The Fresh Loaf

News & Information for Amateur Bakers and Artisan Bread Enthusiasts

Sourdough Bread Baking

  • Pin It
bblearner's picture
bblearner

Sourdough Bread Baking

My first try to use a starter to bake a sourdough bread was Mountaindog's Cherry Pecan Pain au Levain which was so dense and almost unedible.  I was sure something was not right with my starter.  So I requested MD post some pictures of his levains for me for guidance, which he did with nice illustrations.  I followed that to feed my starter for over a week and tried to build a levain with bubbles that would match those of MD's and finally I thought my starter was ripe enough to make breads, I tried the Country French Bread (Thom Leonard's), also from MD's blog :




The crumb was still a little dense because I overlooked the part on folding.  So a week later I had another try and followed the recipe as closely as possible and this was a better one :



 



I was so happy that my starter finally is working and the following one is Richard Bertinet's sourdough bread with a small touch of spelt flour :




Honestly, I like the flavour of the Country French Bread more.  My next exercise will be the Pecan Cranberry Pain au Levain, again. 


I would like to thank everybody on this site for their generosity of sharing techniques, experiences, recipes, etc. and a special thanks to Mountaindog's encouragement!

Comments

LindyD's picture
LindyD

They say practice makes perfect, and you're on your way to perfection!


The fun part about the bread road we travel is that 99% of the time, the bread tastes wonderful - always much better than that chemical-filled fluff on the store shelves.


BTW, Mountaindog is a girl...a very nice one and a great baker.

mountaindog's picture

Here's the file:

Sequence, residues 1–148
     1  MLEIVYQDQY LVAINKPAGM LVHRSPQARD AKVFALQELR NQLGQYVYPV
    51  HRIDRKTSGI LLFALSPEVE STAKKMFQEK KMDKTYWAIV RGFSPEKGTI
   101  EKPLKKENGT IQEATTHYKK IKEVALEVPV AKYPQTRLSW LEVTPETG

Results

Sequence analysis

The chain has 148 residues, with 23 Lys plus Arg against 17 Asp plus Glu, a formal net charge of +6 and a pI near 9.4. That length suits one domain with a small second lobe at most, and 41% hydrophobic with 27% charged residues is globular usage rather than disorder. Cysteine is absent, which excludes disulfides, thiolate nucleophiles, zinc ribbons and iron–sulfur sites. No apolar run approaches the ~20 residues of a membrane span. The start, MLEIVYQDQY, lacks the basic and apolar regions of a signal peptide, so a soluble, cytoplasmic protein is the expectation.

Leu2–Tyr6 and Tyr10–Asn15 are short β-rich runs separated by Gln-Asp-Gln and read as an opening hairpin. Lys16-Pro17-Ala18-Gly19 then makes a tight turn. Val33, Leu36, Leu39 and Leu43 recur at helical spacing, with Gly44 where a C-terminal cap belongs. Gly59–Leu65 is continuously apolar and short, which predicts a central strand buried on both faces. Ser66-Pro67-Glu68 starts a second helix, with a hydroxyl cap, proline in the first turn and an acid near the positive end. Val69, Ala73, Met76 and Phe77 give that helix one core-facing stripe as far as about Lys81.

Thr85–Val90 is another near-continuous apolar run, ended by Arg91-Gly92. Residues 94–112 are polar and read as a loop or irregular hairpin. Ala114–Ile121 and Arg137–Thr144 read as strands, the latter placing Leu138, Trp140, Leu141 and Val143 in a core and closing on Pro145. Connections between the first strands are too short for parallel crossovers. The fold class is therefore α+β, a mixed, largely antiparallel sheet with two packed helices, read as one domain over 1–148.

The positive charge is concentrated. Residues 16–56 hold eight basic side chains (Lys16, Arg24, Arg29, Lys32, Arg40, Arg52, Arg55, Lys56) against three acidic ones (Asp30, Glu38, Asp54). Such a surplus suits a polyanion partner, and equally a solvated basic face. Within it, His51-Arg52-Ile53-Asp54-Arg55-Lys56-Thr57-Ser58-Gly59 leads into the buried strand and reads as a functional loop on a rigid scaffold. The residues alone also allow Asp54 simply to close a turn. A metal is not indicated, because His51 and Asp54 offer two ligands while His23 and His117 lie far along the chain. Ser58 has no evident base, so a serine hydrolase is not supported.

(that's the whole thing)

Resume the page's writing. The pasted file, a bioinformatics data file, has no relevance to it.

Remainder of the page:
mountaindog

<blush> Coming from you that's a great compliment...

bblearner's picture
bblearner

My apologies to Mountaindog for matching her to the wrong gender.  That could be explained by my not having studied her blog well enough.  Thank you very much for pointing that out LindyD. 


It is exactly this reason that I'm going onto the road of bread baking.  I have a long way to go because it's only 70% of the time that my bread tasted good!

mountaindog's picture
mountaindog

Hey, bblearner, your photos show defintie steady progress with each loaf you make, good job! Your last pic especially is looking good, much more open crumb. If you try the country french again, try bulk fermenting it in a straight-sided container with a piece of tape to mark the side, if possible, so you can really see when the dough has doubled. Let it go as long as needed to fully ferment, it may take a lot longer than you think if your location is not really warm. My country french dough takes about 4-6 hours to double at 70F, my starter is on the slow side, but does the job eventually.


Here is a photo of a sourdough boule I made a few years ago when my starter was brand new, and in my eagerness to try it before it was "ready", I got a nice doorstop that even the animals raiding our compost pile left behind:



Your doing great, keep it up and Good luck!  --MD

bblearner's picture
bblearner

Hi MD


I baked the Pecan Cranberry Bread yesterday.  I cheated a little and used a firm starter and a bigger portion since I noticed Richard Bertinet's recipes use starters of 50% hydration which he calls them ferment and constitute one-third of the total flour weight.  The starter was built on Thursday night and I planned to bake my bread today but the dough rose almost as fast as one made from instant yeasts.  It was shaped into a big batard (I scaled down the flour to 377g + 187g starter) at 5:30 pm and it was doubled by 8:00pm.  So I baked it at 8:30 pm instead of cold proofing it overnight.  The result was quite satisfactory to me although the crust was too dark but the crumb was even more open than the boule I showed above.  Taste was good too.


I was wondering why this had happened.  Was it due to the right temperature of the warm water I used this time or the numerous folds I performed at the time of kneading the cranberries and pecans in?  Even in Bertinet's book he said sourdough breads need 16-18 to rise before they could be baked.  Perhaps I'll cheat once more to see if this could happen again!!


I shall get a very large measuring jug to bulk ferment my doughs.


Thank you again.